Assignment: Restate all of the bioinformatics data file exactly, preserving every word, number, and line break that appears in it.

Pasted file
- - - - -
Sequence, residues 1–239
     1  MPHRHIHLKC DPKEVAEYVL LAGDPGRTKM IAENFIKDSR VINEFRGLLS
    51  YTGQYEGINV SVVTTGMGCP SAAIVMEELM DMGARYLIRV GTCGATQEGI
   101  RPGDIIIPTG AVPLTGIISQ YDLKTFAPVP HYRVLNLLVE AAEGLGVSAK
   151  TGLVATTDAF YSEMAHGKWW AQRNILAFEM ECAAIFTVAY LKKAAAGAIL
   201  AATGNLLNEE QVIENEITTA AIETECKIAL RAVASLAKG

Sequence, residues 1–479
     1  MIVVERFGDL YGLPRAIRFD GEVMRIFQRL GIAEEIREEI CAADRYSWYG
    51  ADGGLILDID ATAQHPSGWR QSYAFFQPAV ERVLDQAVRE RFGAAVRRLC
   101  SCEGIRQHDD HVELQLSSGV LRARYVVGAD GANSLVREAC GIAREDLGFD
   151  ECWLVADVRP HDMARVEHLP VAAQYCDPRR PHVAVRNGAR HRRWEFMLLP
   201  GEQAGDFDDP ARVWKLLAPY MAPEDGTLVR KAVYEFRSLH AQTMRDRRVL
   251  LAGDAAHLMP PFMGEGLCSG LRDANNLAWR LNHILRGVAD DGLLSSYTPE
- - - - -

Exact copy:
Sequence, residues 1–239
     1  MPHRHIHLKC DPKEVAEYVL LAGDPGRTKM IAENFIKDSR VINEFRGLLS
    51  YTGQYEGINV SVVTTGMGCP SAAIVMEELM DMGARYLIRV GTCGATQEGI
   101  RPGDIIIPTG AVPLTGIISQ YDLKTFAPVP HYRVLNLLVE AAEGLGVSAK
   151  TGLVATTDAF YSEMAHGKWW AQRNILAFEM ECAAIFTVAY LKKAAAGAIL
   201  AATGNLLNEE QVIENEITTA AIETECKIAL RAVASLAKG

Sequence, residues 1–479
     1  MIVVERFGDL YGLPRAIRFD GEVMRIFQRL GIAEEIREEI CAADRYSWYG
    51  ADGGLILDID ATAQHPSGWR QSYAFFQPAV ERVLDQAVRE RFGAAVRRLC
   101  SCEGIRQHDD HVELQLSSGV LRARYVVGAD GANSLVREAC GIAREDLGFD
   151  ECWLVADVRP HDMARVEHLP VAAQYCDPRR PHVAVRNGAR HRRWEFMLLP
   201  GEQAGDFDDP ARVWKLLAPY MAPEDGTLVR KAVYEFRSLH AQTMRDRRVL
   251  LAGDAAHLMP PFMGEGLCSG LRDANNLAWR LNHILRGVAD DGLLSSYTPE